Week 10: To Tell or Not to Tell

The thing about being pregnant is that sooner or later, you’ve got to tell people. I mean, who was Jennifer Garner fooling when she suddenly started walking around in flowy shirts that covered her normally taut – and exposed – midriff? Sooner or later, it’s gonna come out. (The news, and also the baby. But let’s not think about that part just yet.)

Now I realize there are legitimate reasons to wait until you’re out of your first trimester to tell people. The possibility of miscarriage drops, and you’re feeling better all around. Plus, it’s probably taken you that long just to wrap your addled little brain around the fact that you’re really, actually, genuinely “with child.”

There were plenty of days in the first couple months when I still didn’t believe it – despite two positive home pregnancy tests, a blood test, and a sonogram. I had a sneaking suspicion it was all just an elaborate prank being pulled on me by the rest of the world. At any minute, I half-expected Ashton Kutcher to jump out from under the exam table and declare I’d been “punk’d.” (I should mention my husband is a huge fan of practical jokes.) After all, there were plenty of other reasons why I might feel ravenous, irritable, exhausted, and constipated all the time, right? Well, aside from PMS, which I’d ruled out by this point, probably not.

Of course, there are other people who can’t wait to spread the good news of their pregnancy to their families, friends, coworkers, grocer, mailman, and the guy who waits on them at Blockbuster. I wasn’t one of those people. I soon learned that who to tell and when is a slippery issue.

The first person I told was my friend S. Mostly, because she’s the mother of two small children and very knowledgeable about procreation. Second, because I’d recently been over at her house complaining that my boobs hurt and wouldn’t it be hysterical if I were actually pregnant? I mean, the chances were so slim in my mind that I was slightly embarrassed to even voice this thought aloud. Everyone knows it can take women over 30 a long time to get pregnant, right? Apparently not always.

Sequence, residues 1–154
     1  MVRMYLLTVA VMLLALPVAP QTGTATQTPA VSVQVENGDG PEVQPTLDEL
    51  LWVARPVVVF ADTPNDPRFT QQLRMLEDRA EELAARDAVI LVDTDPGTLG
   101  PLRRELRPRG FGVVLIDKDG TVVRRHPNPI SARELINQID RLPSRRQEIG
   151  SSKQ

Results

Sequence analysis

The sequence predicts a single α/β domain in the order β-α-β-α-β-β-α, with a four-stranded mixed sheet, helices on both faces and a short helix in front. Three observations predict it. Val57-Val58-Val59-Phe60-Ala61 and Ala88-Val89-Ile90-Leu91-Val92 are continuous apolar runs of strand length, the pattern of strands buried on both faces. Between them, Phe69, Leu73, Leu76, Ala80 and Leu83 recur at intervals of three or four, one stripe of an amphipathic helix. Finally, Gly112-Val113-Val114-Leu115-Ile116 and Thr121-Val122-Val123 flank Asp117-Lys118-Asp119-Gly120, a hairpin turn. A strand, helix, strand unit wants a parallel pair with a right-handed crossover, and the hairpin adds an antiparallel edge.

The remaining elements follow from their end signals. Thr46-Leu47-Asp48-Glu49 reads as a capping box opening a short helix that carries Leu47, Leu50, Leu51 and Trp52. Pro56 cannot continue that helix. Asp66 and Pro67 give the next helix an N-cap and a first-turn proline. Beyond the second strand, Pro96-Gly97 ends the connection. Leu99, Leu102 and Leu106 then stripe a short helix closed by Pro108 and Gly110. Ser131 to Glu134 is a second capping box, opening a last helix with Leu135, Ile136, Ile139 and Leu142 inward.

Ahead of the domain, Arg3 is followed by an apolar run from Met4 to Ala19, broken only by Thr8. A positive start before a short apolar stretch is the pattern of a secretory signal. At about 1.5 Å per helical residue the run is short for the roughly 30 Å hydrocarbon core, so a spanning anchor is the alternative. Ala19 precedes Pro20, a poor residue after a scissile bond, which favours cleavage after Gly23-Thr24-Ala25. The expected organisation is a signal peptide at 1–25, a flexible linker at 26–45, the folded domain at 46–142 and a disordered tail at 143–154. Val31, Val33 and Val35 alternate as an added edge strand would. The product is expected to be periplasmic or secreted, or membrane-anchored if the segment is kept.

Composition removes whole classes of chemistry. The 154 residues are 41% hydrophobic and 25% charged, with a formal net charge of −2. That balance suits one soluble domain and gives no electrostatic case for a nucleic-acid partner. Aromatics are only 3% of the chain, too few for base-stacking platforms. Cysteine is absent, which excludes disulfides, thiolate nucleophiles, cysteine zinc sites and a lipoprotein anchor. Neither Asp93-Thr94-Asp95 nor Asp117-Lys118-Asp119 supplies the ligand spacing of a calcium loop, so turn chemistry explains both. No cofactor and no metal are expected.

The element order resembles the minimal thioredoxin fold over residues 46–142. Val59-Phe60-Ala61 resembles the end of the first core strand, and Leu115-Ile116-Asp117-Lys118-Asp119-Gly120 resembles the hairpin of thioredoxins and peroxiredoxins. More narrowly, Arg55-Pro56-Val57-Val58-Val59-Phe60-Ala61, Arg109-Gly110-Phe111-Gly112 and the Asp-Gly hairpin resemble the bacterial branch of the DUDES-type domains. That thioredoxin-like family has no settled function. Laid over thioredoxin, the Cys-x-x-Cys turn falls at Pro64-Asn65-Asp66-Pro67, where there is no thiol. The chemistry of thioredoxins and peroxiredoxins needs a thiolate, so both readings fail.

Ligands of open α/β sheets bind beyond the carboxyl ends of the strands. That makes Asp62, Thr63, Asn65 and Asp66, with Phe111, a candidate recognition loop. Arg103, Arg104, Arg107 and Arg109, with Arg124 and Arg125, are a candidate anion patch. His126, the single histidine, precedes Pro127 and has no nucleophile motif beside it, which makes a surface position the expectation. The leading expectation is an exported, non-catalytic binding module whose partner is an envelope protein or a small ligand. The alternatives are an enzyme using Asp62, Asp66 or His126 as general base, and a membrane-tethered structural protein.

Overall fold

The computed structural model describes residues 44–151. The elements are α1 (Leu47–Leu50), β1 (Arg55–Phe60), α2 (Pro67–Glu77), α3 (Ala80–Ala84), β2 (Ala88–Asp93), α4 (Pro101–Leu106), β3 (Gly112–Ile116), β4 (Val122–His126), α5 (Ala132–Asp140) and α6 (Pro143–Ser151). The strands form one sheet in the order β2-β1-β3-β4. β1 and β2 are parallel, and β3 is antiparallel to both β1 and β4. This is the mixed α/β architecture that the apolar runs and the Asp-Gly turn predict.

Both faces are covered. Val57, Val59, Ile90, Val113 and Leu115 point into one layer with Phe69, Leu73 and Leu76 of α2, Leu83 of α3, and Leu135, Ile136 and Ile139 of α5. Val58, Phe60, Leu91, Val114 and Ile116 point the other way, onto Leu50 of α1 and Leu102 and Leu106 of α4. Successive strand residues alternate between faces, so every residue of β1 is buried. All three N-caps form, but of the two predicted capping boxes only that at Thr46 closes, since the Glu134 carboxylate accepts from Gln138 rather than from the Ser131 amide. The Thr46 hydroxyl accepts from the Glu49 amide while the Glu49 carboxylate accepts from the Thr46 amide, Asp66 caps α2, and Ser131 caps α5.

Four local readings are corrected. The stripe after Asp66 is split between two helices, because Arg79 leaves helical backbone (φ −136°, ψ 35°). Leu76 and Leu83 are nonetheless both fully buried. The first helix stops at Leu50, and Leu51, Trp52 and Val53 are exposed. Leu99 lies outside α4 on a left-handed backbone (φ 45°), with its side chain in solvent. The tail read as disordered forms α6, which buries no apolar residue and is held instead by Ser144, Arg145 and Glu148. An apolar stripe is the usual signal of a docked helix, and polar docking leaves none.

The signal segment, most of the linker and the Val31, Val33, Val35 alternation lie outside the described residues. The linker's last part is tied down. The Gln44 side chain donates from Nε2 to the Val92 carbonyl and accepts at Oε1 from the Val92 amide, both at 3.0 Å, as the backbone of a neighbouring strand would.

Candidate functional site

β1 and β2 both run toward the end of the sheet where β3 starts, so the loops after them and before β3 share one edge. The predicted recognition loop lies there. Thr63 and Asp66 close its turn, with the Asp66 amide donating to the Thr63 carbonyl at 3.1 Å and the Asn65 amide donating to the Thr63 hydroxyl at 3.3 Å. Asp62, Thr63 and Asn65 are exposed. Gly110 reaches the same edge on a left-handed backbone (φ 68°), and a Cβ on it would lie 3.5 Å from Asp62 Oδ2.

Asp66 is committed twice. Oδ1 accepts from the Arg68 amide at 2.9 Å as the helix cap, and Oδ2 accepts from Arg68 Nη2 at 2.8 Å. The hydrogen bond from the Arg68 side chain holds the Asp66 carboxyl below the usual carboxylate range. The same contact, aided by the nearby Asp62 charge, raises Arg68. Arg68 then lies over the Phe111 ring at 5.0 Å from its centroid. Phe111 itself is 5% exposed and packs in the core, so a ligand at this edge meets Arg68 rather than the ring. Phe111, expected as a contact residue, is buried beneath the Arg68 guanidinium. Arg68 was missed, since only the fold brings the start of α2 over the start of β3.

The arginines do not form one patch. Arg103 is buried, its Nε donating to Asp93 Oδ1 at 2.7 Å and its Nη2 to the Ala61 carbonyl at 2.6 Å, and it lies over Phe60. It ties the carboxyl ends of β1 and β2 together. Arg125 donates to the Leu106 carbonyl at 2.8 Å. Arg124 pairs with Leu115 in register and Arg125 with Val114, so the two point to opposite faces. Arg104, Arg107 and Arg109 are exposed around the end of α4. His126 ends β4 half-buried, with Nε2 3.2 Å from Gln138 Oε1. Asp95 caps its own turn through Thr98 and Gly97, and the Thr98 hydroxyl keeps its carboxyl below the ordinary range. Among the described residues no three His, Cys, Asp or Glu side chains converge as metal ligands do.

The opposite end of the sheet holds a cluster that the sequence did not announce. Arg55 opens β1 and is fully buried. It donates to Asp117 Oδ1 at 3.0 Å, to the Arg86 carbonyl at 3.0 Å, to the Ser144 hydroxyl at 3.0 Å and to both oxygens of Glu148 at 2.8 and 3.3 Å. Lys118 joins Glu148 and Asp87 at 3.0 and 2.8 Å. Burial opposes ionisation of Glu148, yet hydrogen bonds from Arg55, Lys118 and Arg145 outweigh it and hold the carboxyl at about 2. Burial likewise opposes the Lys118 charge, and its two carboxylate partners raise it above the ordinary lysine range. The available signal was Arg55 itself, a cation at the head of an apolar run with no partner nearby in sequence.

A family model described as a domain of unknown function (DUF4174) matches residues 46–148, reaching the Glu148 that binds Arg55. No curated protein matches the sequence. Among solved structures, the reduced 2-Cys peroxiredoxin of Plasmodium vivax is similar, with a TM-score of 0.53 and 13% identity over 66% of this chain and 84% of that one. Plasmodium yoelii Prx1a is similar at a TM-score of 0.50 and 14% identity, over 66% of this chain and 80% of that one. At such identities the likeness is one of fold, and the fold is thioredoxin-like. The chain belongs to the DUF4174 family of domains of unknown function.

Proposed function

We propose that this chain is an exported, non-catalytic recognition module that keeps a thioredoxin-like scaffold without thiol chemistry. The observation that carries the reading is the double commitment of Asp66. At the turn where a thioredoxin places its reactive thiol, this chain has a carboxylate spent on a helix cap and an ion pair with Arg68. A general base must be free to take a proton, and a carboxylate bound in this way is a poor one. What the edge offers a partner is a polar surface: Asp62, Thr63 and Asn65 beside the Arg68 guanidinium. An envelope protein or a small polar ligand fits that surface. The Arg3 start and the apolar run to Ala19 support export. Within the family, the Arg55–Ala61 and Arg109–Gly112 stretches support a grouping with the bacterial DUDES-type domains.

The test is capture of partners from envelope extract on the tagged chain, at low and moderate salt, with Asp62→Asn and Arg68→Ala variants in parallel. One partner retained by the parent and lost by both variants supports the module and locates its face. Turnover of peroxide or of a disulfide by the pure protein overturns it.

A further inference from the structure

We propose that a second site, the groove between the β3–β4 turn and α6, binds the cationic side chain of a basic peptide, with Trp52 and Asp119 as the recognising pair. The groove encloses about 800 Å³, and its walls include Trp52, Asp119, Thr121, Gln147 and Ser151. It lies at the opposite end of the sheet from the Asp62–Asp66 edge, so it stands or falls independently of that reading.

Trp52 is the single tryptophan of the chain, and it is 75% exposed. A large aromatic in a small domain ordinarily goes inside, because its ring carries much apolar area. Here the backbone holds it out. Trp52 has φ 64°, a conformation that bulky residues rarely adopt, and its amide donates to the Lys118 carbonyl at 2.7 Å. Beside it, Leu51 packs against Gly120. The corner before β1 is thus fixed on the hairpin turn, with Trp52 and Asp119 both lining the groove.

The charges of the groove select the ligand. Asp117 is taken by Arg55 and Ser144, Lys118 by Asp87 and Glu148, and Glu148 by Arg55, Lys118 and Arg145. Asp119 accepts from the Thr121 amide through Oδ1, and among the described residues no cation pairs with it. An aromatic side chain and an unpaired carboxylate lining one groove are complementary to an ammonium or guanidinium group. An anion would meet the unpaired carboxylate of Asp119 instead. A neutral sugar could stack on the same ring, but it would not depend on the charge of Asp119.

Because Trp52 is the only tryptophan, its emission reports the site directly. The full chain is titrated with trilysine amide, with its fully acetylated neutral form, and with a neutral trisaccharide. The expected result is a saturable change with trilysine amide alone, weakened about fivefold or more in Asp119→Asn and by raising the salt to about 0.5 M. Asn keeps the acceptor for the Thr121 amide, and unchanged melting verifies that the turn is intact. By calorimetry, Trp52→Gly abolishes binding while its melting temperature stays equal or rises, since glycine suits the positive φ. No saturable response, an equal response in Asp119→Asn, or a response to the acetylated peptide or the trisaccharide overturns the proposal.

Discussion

So now I felt compelled to tell S. that, guess what, the joke’s on me. I also thought that she, with her maternal wisdom, might reassure me that I was nuts. Instead, she said that while she’d heard of false negatives with home pregnancy tests, she thought a false positive was pretty rare. Gulp.

I saw the double line the night before I was setting off for a weekend trip with some girlfriends to visit a friend who’d recently moved to the West Coast. C. and I debated whether to keep the news a secret or not. Surely I could explain away my avoidance of alcohol by saying I was on antibiotics for a recent illness. Except one of my friends was a nurse and might ask, “What kind of antibiotics?” And the only old prescription bottles we had lying around the house had C.’s name on them. My friends aren’t that dumb.

I decided I’d just play it by ear. Who knew? Maybe the alcohol issue wouldn’t even come up. Yeah, right. I realize that it may sound ridiculous – and possibly as if my friends and I should be checking ourselves into the Betty Ford clinic – if someone’s choice of beverage at dinner is the first tip-off that she might be pregnant. But what can I say? My friends enjoy their wine. And beer. And Cosmopolitans.